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CMJ '03: rooms on fire


Death becomes CMJ. Dark clouds seem to hover over the annual New York City club crawl, and it's not just because of the encroaching cold weather.

The 2001 edition of the CMJ (College Music Journal) Music Marathon -- which attracts hundreds of bands from all the over the world each fall -- was scheduled to start on Sept. 12 and, for obvious reasons, was delayed for a month with a pared-down lineup. Last year's comeback special kicked off just as news of Jam Master Jay's murder in Queens hit the streets. At this year's fest, which took over Lower Manhattan and Brooklyn Oct. 22-25, thoughts and conversations inevitably turned to Elliott Smith, the indie icon who stabbed himself to death a day before the festival began.

On opening night, Seattle popsters Death Cab for Cutie paid tribute to Smith with a cover of his signature song, "Say Yes," but in recent years CMJ (and New York City in general) has come to represent resiliency in hard times. By the time CMJ hit day two, a certain alternate universe began to take shape, where the outside world ceased to exist, newspapers go unread and certain irrational behaviours -- like, say, drinking beer for breakfast or standing on your feet for 16 hours straight -- started to feel completely natural.

While lacking the communal barbecue vibe that defines Austin's South by Southwest, CMJ's afternoon showcases and in-store performances provided an easy way to sample up 'n' comers. Best find: NYC sludge-rockers Vietnam, whose gig at Lit began in a lethargic lurch, but perked up considerably mid-set, when the Cat Stevens-lookalike singer's Dylanesque snarl emerged and elevated them to the realm of spiritual swamp blues.

However, once again, the opportunity to spend your night bouncing from club to club -- the essence of CMJ -- became more myth than reality, with many of the key spots (CBGB, The Mercury Lounges) setting a low nightly cap for badge-holders and forcing all latecomers to pay cover (even if they had already forked out US$495 for badges that were supposed to waive such charges).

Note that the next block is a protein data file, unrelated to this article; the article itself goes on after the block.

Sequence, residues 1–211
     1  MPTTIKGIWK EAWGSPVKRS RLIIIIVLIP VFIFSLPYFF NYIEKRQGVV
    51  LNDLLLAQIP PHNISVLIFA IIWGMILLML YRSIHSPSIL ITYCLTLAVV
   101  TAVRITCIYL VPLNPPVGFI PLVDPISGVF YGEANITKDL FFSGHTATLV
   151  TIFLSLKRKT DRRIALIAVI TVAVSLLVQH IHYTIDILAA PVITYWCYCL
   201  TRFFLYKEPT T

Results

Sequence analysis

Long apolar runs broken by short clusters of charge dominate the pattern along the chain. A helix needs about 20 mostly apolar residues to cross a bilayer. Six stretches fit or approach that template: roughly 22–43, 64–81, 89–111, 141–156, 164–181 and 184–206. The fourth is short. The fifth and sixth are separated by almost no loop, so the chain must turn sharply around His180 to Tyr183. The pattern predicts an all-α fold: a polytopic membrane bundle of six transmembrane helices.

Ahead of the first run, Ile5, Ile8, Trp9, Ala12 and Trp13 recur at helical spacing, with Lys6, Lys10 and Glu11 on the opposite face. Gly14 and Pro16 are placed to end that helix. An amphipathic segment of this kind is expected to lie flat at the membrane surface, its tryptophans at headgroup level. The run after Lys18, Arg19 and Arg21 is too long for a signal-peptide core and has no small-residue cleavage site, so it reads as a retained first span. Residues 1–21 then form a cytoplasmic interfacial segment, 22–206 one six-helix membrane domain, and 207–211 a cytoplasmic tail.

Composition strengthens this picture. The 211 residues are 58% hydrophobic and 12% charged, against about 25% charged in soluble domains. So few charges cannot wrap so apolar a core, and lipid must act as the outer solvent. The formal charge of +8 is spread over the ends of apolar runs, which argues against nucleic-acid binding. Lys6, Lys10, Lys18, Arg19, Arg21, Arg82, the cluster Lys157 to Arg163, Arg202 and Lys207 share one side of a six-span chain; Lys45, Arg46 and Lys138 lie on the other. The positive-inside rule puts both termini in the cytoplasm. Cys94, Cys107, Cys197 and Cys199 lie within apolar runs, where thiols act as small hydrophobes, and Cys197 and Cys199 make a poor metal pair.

For the three big label showcases at the beautiful Bowery Ballroom -- perhaps the best sightlines for a rock club in North America -- the key was to show up at 8pm and set up shop for the night, though fortunately, early birds were treated to some choice aperitifs. The 25th-anniversary party for UK indie powerhouse Rough Trade Records on Oct. 23 may have lost its headliner ("special guests" Belle and Sebastian were forced to cancel due to illness) but the soiree got started in wonderfully freaky fashion with sets by art-pop anarchists British Sea Power (see feature page 25), and Brooklyn art-blues oddballs The Fiery Furnaces, who boast a Patti Smith incarnate in singer Eleanor Freidberger, not to mention the hallmark quality of all special bands: i.e., the ability to completely polarize a crowd into lovers and loathers.

Toronto label Arts & Crafts hosted an early evening Bowery bash Oct. 24 with Jason Collett, Stars and label linchpins Broken Social Scene, whose ever-tightening group hug with New York City continued apace with a rapturously received sold-out show.

The love was still hanging thick in the air the next night at Sub Pop Records' shindig, which featured the triumphant return of New Mexico power-pop heroes The Shins and a star turn from our Constantines, who saluted NYC with a climactic cover of Lou Reed's "Temporary Thing." Though the night's most pleasant surprise came first with All Night Radio, a two-piece fronted by Beachwood Sparks' Farmer Dave that routes Big Starry-eyed pop through laptop-generated symph/synth atmospherics.

Each night, the arrival of 2am merely signified the end of chapter one, and the start of a whole 'nother search: the after-party. NYC production crew the DFA teamed up with Trevor "Playgroup" Jackson's Output Recordings for a two-floor electro-punk bash at the super-swank Tribeca Grand Hotel featuring the North American debut of France's Colder, who overcame technical glitches to work up some evil heat. And as if to solidify the DFA's rep as The Neptunes of the underground, Pharrell Williams even turned up.

Other shindigs, however, didn't fare so well, as a planned closing-night warehouse party featuring Montreal drama-rockers The Stills got shut down by the fuzz before it even started. But hey, even the city that never sleeps has to take a night off once in a while.

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